The Musical Municipalities- Economics of Concert in Local Level Development

– This article has been originally published by Jai Venaik in The Himalayan Times on March 18, 2018.

My grandfather’s diary dated August 21, 1969 penned an interesting account of his time with musical concerts. An exchange student in America, his pockets were always short of cash which he fixed with odd jobs. He recounts his experience from the Woodstock Music Concert held in Bethel, New York on the very date. He was then volunteering for a small sum of $2 a day with the waste management team. It was about 10:00 pm when he realised a familiar tune from his homeland; Ravi Shankar had started playing leaving the crowd awestruck; even rain had started drizzling listening to his music. Just as he dragged the waste basket to collect the last bottle, a man heard him mumbling the notes and cornered him to know more. He offered a handsome $20 for the information to which he gladly accepted. By the night, my grandfather had accumulated over $730 just by dispensing information about the East. He pens and I quote, “Music at the end not only feeds the soul, it feeds the body too.”

The term ‘Music Cities’ is now synonymous not only with music enthusiasts but with the vibrant economies that they foster. The concept initiated in Nashville (USA), music cities are now studied as tools to jump start economies and provide much required finances to aid local level development. Outside the cultural community, there is growing recognition among governments and other stakeholders that Music Cities can deliver significant economic and employment benefits beyond the long-acknowledged cultural and social benefits. While the cultural and social benefits could largely be seen upfront in the form development of music and culture in the domestic homeland through providing an international market and stage to new and upcoming artists, it also forms a global-village representing countries from around the globe. The economic benefits though remain largely unseen behind the gala festival that goes about.

For one, it brings foreign visitors; not in a few hundreds, but thousands. While they bring in a lot of foreign exchange in the country, it also helps boost valuable government coffers. A vibrant music economy drives value for cities in several important ways: job creation, economic growth, tourism development, city brand building and artistic growth. A strong music community has also been proven to attract other industrial investment, along with talented young workers who put a high value on quality of life, no matter their profession.

Music can be a significant driver of economic activity, employment, exports and tax revenue. These impacts derive mainly from direct spending on the production of live music and ticket purchases by local residents and tourists, as well as music-related spending on such things as food, drink, accommodation and transport. Significant economic activity is also created in forming international linkages, attracting foreign investment, spurring domestic economy and other related activities. Beyond these, music generates indirect economic benefits through spending in such areas as media, marketing and promotion and, graphic arts. A study by the music industry organisation UK Music measured the contribution of music to the British economy at £3.8 billion in 2013, with a full £2.2 billion attributed to music exports. The impacts of Nashville’s music cluster were thoroughly examined in the 2013 ‘Nashville Music Industry’ report, which found that the music industry helps create and sustain more than 56,000 jobs within the Nashville area, supports more than $3.2 billion of annual labour income, and contributes $5.5 billion to the local economy for a total output of $9.7 billion.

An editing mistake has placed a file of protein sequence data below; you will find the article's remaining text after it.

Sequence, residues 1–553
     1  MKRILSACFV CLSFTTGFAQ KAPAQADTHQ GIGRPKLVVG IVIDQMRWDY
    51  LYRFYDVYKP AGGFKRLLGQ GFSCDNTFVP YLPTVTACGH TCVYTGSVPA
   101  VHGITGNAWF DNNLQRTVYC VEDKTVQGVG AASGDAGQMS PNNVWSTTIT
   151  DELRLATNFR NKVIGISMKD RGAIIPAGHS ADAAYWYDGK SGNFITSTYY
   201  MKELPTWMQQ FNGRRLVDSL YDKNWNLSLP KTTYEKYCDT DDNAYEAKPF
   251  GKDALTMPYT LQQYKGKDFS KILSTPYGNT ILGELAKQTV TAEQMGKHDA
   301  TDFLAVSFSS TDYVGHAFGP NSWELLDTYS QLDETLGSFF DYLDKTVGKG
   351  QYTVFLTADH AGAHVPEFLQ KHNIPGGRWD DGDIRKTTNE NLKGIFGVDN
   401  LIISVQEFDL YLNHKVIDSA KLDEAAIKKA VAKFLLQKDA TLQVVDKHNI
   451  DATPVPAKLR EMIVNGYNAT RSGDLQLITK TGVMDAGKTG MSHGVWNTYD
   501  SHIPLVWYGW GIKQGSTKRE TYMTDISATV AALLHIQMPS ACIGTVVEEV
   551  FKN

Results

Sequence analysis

For cities looking to generate economic benefits from live music, tourist spending is a key part of the equation. Not only does tourist spending represent ‘new’ money to a city, but it also generates additional spending beyond music. When tourists travel to experience live music, whether a concert, music festival or a favourite band in a basement venue, they will spend significantly more on hotels, restaurants meals, bars and other local attractions. Of the approximately nine million tourists who visited Melbourne, Australia in 2013, nearly two million of them were international tourists.

Music can play a powerful role in building a city’s brand. For a select group of cities with the strongest music scenes or deep music heritage, music is a big part of who they are. Think Liverpool, and most people think about The Beatles, Memphis, and music icons like Elvis and Johnny Cash come to mind. Austin’s familiar tagline is ‘Live Music Capital of the World.’ Nashville is, simply, ‘Music City’. Other cities are well known as major music centres, though music may not be at the forefront of their brand identity. London, Melbourne, Montreal, New York, Berlin, Bogotá and Toronto are among these ranks. .

What’s in store for Nepal? With the picturesque Himalayan splendour, the stage is almost set and with federalism racing in implementation there is no more the bother of the central government having to do everything. Most entertainment related taxes and policy decisions also lie within the state government’s power to harness their individual creativity. Nepal does not have a dearth of music talent and concerts are not unheard of. Moreover, cities like Pokhara have also renowned street festivals while Lalitpur witnesses the iconic Kartik dance every year. While these tend to be isolated and uncoordinated, a comfortable association of private investment and public policy could turn them into a modern day success story. For there is nothing like music as a means to connect people, bridge linguistic and cultural divides and provide an avenue for identity and expression. Collectively, the music ecosystem generates rich social, cultural and economic benefits.